A feel good story for college baseball’s short season…
Redshirt freshman, Roderick Coffee was slotted into the ninth spot in the lineup to start the 2020 baseball season for Texas Southern University in his first ever collegiate baseball game against New Mexico State University.
He blasted two home runs that day in Las Cruces, N.M. He hit another the next day. Then, in the last game of the four game series, Coffee belted his fourth round tripper in the series finale.
His first weekend of College baseball, Coffee totaled four home runs, seven runs batted in and was hitting over .700.
Because of the coronavirus disease (COVID-19) that shut down all of collegiate sports, Coffee ended the season with 7 HRs, 15 RBIs, a .830 slugging percentage and a .383 batting average.
Coffee signed a national letter of intent to play at Texas Southern his senior year of high school. Things did not look promising after transitioning to Division 1 baseball at TSU and he was redshirted.
Coffee was given several options during his exit meeting at the end of the 2019 baseball season. Head coach Michael Robertson wanted him to get more development and to consider JUCO ball for the season.
Coffee considered moving on to another DI baseball program but Coffee’s parents were very impressed with the academic programs at Texas Southern and wanted him to continue at the University.
After looking at all the components, the one thing Coffee did do well is attend and successfully completed all scheduled courses, receiving a 2.94 Grade Point Average and passing 27 credit hours.
At the end of the 2019 season the team was going in a different direction and Coffee was not there yet. Robertson is a blue collar worker and Texas Southern baseball is a tough program. His academics is what kept Coffee in the program.
Texas Southern’s first commitment in 2019 thought that, given the opportunity, he could play better than the kids on the field. Because of his redshirt status, as the team traveled to away games, Coffee had to stay on campus.
He became a disciplined student, spent more time in the classroom, but less on the field. Discipline is key at TSU according to coach Robertson “that is what we teach at TSU.”
After fall ball and up until the day before the season opener against New Mexico State, Coffee was somewhat of an after thought according to Robertson. “I had a tough decision to make with our outfield and Coffee was best choice to start in left field.”
Going into the 2020 season, no one saw the potential he had except his parents who have been a major influence on his life.
Born and raised in Baton Rouge, Louisiana, both Southern University and Louisiana State University (LSU) had Coffee on their recruiting radar. Instead, the 6-foot-3, 175-pound right-hander wanted to play out of state considering neither Southern nor LSU gave Coffee a scholarship offer.
Based on 2020 statistics, Coffee is ranked as the No. 3 freshman hitter in the NCAA according to DI Baseball.
Coffee finished fourth in the SWAC in batting average, first in slugging percentage, ninth in on-base percentage, eighth in runs scored with 13 and first in home runs with 7. Coffee ranked sixth nationally in home runs in the nation and eighth in slugging percentage.
Not bad for a redshirt freshman who just wanted an opportunity to show what he can do.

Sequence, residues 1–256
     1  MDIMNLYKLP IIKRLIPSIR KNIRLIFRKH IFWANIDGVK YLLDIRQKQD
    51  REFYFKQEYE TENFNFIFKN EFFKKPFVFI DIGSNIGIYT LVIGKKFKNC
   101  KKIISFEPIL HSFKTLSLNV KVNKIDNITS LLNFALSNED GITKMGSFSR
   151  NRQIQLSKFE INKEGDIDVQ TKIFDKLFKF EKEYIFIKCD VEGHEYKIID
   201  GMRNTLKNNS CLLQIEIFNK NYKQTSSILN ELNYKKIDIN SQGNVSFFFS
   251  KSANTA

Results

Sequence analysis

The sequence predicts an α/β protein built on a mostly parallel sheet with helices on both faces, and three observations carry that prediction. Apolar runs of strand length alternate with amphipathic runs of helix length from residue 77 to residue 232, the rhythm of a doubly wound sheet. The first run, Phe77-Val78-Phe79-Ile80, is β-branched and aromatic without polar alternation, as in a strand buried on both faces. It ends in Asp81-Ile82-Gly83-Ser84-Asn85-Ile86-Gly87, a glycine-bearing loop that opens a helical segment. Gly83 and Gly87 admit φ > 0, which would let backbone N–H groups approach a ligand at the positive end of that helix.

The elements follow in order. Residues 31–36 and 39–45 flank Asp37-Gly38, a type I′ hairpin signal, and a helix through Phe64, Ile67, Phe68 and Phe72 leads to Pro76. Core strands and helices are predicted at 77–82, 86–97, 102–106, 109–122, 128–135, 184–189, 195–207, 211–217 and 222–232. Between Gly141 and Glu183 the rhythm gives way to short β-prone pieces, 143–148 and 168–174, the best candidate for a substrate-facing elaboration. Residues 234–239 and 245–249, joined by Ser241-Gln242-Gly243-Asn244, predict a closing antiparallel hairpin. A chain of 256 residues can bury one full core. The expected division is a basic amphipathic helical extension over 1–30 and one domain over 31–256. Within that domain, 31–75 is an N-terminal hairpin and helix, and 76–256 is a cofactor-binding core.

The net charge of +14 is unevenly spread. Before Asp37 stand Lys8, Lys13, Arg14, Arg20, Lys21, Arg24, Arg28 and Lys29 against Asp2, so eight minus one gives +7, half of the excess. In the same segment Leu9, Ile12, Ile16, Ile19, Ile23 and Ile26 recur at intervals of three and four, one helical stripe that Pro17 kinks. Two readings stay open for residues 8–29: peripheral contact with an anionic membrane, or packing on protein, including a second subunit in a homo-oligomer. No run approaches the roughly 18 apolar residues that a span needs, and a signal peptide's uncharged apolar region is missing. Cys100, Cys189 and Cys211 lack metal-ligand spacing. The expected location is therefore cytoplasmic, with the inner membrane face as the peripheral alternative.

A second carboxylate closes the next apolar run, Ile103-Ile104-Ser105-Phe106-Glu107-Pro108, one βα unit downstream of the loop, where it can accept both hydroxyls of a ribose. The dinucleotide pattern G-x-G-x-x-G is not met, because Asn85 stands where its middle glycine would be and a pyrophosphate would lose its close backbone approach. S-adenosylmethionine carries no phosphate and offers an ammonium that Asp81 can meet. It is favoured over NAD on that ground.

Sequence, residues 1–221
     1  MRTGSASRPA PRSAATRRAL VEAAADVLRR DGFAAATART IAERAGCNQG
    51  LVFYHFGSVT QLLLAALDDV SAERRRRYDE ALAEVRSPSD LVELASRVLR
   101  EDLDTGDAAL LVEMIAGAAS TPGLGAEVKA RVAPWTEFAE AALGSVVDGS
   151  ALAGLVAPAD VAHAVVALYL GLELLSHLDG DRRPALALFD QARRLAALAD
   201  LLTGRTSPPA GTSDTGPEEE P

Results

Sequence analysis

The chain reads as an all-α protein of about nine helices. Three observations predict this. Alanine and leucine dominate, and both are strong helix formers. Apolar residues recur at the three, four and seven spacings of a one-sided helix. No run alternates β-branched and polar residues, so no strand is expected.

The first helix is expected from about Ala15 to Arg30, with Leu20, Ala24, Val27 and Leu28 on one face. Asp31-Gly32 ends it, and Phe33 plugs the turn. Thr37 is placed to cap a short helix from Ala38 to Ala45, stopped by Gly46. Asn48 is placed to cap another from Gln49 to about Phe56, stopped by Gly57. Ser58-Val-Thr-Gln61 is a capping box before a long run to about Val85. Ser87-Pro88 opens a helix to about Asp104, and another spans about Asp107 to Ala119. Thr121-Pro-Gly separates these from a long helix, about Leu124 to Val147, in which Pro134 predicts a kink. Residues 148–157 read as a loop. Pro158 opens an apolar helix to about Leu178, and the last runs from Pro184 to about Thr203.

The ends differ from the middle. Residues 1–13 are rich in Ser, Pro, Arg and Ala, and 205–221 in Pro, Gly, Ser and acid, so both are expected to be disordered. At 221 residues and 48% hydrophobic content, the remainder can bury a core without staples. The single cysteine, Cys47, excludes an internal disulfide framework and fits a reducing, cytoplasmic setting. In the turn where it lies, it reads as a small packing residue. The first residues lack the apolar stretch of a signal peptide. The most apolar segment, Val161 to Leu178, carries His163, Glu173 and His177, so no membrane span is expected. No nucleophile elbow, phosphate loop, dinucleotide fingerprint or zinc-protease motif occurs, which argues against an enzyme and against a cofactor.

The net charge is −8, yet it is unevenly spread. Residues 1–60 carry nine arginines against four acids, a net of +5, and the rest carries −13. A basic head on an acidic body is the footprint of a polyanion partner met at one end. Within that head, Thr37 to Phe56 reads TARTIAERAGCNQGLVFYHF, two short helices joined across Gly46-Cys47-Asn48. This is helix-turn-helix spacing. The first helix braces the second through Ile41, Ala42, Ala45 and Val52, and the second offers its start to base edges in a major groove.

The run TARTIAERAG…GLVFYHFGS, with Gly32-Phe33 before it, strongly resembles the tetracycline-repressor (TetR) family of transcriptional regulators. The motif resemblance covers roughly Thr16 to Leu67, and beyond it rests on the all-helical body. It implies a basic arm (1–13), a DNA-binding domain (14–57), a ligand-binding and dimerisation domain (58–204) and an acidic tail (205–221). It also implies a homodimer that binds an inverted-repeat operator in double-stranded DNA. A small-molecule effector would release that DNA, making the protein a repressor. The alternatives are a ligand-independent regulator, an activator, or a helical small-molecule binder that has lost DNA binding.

It was the result of hard work for the Texas Southern player. Also known for his stellar defensive work, he ran the bases well and hit for average. In Coffee’s sophomore year in high school, he was a member of the 2017 Louisiana Class 5A State Baseball Championship Team
Coming out of high school, Perfect Game’s scouting report on Coffee analysed him as a slender young build, long limbs, lots of room to get stronger, still very young. Right handed hitter, spread straight leg stance, big leg kick front leg trigger with pretty consistent timing, loose swing, has some uppercut in his plane and will top spin the ball when squared, syncs his upper and lower half and lower half well in his swing, young athlete with hitting tools to develop, moves well to the ball in the outfield, developing arm strength. Very young player with athletic ability and promise. Good student.
Working with Robertson and his coaching staff, they’ve worked really hard on creating elevation, lift in his swing.
If you go back and look from that point forward from when Coffee first stepped foot on campus, to the start of this season, that’s indicative of what his power looks like, whether it manifests itself in home runs or slugging percentage is irrelevant.
He hits the ball really hard and if the coaches can get him to hit the ball really hard in the air, then the baseball program has a chance to tap into something special. The rest of his skills can be off the charts.
But the process was far from easy.
Coffee was not sure of why he was redshirted but that is how it ended up and he’s glad he went through it.
Asked what is the difference between how this season started and the redshirt year? Coffee stated “he did not change his game, but credits Coach Robertson for playing him this season compared to last year when the Tigers had a stacked outfield.”
As a freshman, “it’s been a challenging experience, but it’s been great at the same time,” Coffee said. “I’m really trying to have a learning approach to it, just trying to learn as much as possible and continue to grow knowing that I have to be ready and not worry of failure.” Coffee’s teammates have responded telling him “to keep working.”
With the season cut short, Coffee is doing his school work and working in the batting cage.
Ranked as the No. 3 freshman hitter in the nation, Coffee was pretty excited to see that.